Technological Transfer in Practice
- a case study by Paul D Kennedy
© Paul D Kennedy, December 1999
This article was first published in the Arab Times in the After Iftar section during Ramadan 1999.
Muslims fast throughout the day during Ramadan and Iftar is the time just after sunset when the fast is broken.
The hour or two following Iftar is considered by Muslims to be a time that should be set aside for reflection.
This brief case study illustrates the devious ways in which technologies are transmitted from one culture to another.
Once upon a time the French took over Egypt. Though they only stayed for a few short months they made an enormous impression on their hosts and in the decades that followed many young Egyptians were sent to study in Paris. When these scholastics returned to Cairo they brought with them new political thought-processes with which they set about revising the legal system of their native land. Later, in this century, their descendants propagated a new form of governance in various Arab countries which was grafted onto local traditions in politics. Today there is hardly a country from Morocco to Oman that does not have a constitution or basic law devised by Egyptians which they in turn had modelled on the Napoleonic Code.
Unfortunately the talents of the French as propagandists were not matched by their abilities at naval warfare and they were ousted by the English. Now the soldiers in the English armies were a poly-ethnic lot. They included various contingents of Irish tribesmen who, deprived of their hereditaments by war and connivings, had been forced by extreme want to join the very armies that had been the instruments of their defeats. Among them were representatives of the ancient clan of O’Malley from the western edge of the Green Isle, men of culture and prowess.
Though the forces of history had subjected their tribe to several centuries of penury the O’Malley had survived by being masters of the practical. In the days before the famed potato arrived from America, their only sources of sustenance were beef (when they were not robbed of their cattle), grains and occasionally, depending on the season, foraged vegetables and fruit. The women of the clan were a resourceful lot and, though they jealously excluded men from their dominion over the hearth as was their right since time immemorial, they were able to feed their tribe on what was around, little though it was. The secret of their success was a special dish they had concocted to ensure that their men-folk were thrice strong, in heart, arm and loin, and full of energy.
When the ancient O’Malley went awandering they carried with them quantities of bread which grew stale as the day wore on. In the evenings, after a peat fire had been coaxed into life-giving warmth, the womenfolk mixed the stale bread with milk, which in Ireland has always been more plentiful than water. To this brew was added honey and berries, if they were to be found, before the gooey mess was stewed slowly over the fire. When cooled, the sticky high-energy porridge was eaten by slurping from the communal pot as it was passed around in order of seniority. Night over the glens in which the O’Malley men and women lay, after the sounds of porridge-induced carnality had died down, was disturbed by little more than the lonely cry of the curlew and irregular slow plops and blurs emanating from satisfied bellies. Come morning and the men would rise strong and ready for any chance to come.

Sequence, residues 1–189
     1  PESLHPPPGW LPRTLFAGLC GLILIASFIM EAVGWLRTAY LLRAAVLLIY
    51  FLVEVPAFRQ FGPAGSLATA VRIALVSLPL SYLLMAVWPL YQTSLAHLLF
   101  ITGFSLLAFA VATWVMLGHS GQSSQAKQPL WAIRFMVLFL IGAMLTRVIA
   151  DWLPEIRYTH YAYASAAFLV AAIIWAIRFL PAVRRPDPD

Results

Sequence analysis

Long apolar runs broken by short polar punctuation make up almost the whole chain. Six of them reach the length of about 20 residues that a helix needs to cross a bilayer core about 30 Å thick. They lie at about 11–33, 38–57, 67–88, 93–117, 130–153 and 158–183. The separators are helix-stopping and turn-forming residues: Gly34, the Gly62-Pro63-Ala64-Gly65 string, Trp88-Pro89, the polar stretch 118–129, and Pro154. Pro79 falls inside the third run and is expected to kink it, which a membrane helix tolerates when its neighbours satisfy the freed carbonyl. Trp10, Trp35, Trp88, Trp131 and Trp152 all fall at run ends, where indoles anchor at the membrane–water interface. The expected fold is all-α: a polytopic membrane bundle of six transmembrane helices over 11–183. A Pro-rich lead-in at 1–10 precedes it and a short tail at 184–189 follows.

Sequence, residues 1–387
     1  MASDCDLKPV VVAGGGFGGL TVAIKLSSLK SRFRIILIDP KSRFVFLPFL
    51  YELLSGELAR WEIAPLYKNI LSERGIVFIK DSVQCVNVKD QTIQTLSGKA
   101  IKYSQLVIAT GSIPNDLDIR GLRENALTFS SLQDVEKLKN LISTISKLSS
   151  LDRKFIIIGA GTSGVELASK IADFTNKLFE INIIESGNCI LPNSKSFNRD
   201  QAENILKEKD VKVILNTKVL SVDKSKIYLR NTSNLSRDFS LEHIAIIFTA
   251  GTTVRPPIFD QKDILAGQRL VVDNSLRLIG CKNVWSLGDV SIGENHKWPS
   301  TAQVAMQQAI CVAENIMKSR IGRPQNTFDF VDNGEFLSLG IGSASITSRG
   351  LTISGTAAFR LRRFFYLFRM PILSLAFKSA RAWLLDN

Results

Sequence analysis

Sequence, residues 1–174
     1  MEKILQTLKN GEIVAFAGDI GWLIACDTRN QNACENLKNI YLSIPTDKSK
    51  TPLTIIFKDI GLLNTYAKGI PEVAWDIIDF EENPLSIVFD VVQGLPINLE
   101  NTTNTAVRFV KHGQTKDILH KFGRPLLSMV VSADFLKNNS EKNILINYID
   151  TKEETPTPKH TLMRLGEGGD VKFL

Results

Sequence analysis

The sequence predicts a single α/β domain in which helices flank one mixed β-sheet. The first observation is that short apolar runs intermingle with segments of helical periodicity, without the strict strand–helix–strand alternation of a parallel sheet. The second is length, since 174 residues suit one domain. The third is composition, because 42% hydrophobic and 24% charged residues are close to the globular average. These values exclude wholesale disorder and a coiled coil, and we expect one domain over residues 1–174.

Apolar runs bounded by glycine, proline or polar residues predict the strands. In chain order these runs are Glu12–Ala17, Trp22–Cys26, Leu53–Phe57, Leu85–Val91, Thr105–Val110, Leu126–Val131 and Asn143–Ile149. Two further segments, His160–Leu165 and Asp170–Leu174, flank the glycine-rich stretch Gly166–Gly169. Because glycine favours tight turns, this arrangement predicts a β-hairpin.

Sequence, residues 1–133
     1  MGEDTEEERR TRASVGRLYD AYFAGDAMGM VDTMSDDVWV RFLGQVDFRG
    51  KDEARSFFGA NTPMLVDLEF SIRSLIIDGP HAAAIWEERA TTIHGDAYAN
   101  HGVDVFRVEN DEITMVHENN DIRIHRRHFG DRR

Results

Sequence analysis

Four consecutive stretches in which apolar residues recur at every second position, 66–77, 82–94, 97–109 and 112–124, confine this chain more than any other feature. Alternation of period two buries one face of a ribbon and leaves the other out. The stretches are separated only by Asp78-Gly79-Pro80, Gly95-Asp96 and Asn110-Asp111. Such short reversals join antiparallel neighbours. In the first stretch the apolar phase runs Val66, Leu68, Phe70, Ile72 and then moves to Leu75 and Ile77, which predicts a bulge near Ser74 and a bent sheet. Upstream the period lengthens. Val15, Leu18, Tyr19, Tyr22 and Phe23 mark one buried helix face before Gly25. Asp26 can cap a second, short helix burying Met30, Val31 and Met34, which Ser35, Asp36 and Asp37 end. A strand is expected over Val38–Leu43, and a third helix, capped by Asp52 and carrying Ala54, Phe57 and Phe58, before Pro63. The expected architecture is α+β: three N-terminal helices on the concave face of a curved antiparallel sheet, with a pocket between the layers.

Once in Alexandria members of the O’Malley clan, in the service of a foreign lord who was not their liege, found that their paymaster was slow in honouring his obligations. Despite promises of the king’s shilling, they were provided with neither coin nor messes and had to fend for themselves. Their women-folk were not with them and, perhaps because young Irishmen are loath to enter a kitchen save under escort, they had to make alternative arrangements for their victuals. They noticed that the ingredients for their wondrous energy-enhancing diet, stale bread, milk and honey, were available locally and soon their natural charm and ability in demonstrating their three-fold strengths enabled them to inveigle a few comely locals to expand their cultural horizons.
“Sinu?”, the sweet young Egyptian thing asked of the bold but famished Irish grenadier after following his culinary instructions to the letter.
“Umm Ali food?”
“O’Malley!” he swallowed loudly in satisfaction.
“Yes, Umm Ali,” slurping demurely from the pot. “Yellaa, Mother Ali very good cook.”
And so it came to pass, by a process known as technological transfer, that the pleasant and life-enriching O’Malley porridge came unto Egypt where the dish was refined by the addition of native sweeteners, most notably the noble grape in dried form. As the Egyptian scholars moved out into the Arabian hinterland to spread the glories of their new legal system they took with them the curious cuisine bestowed upon them by the O’Malley. And today there is not a hotel from Kuwait to Qatar, Taif to Bahrain, that does not have a large tureen of erroneously labelled Umm Ali on its buffet table.
© Paul D Kennedy, December 1999
Sinu = what
Umm = mother
Yellaa = (a) an untranslatable expression signifying enthusiasm or agreement with a point of view; (b) an exuberant exhortation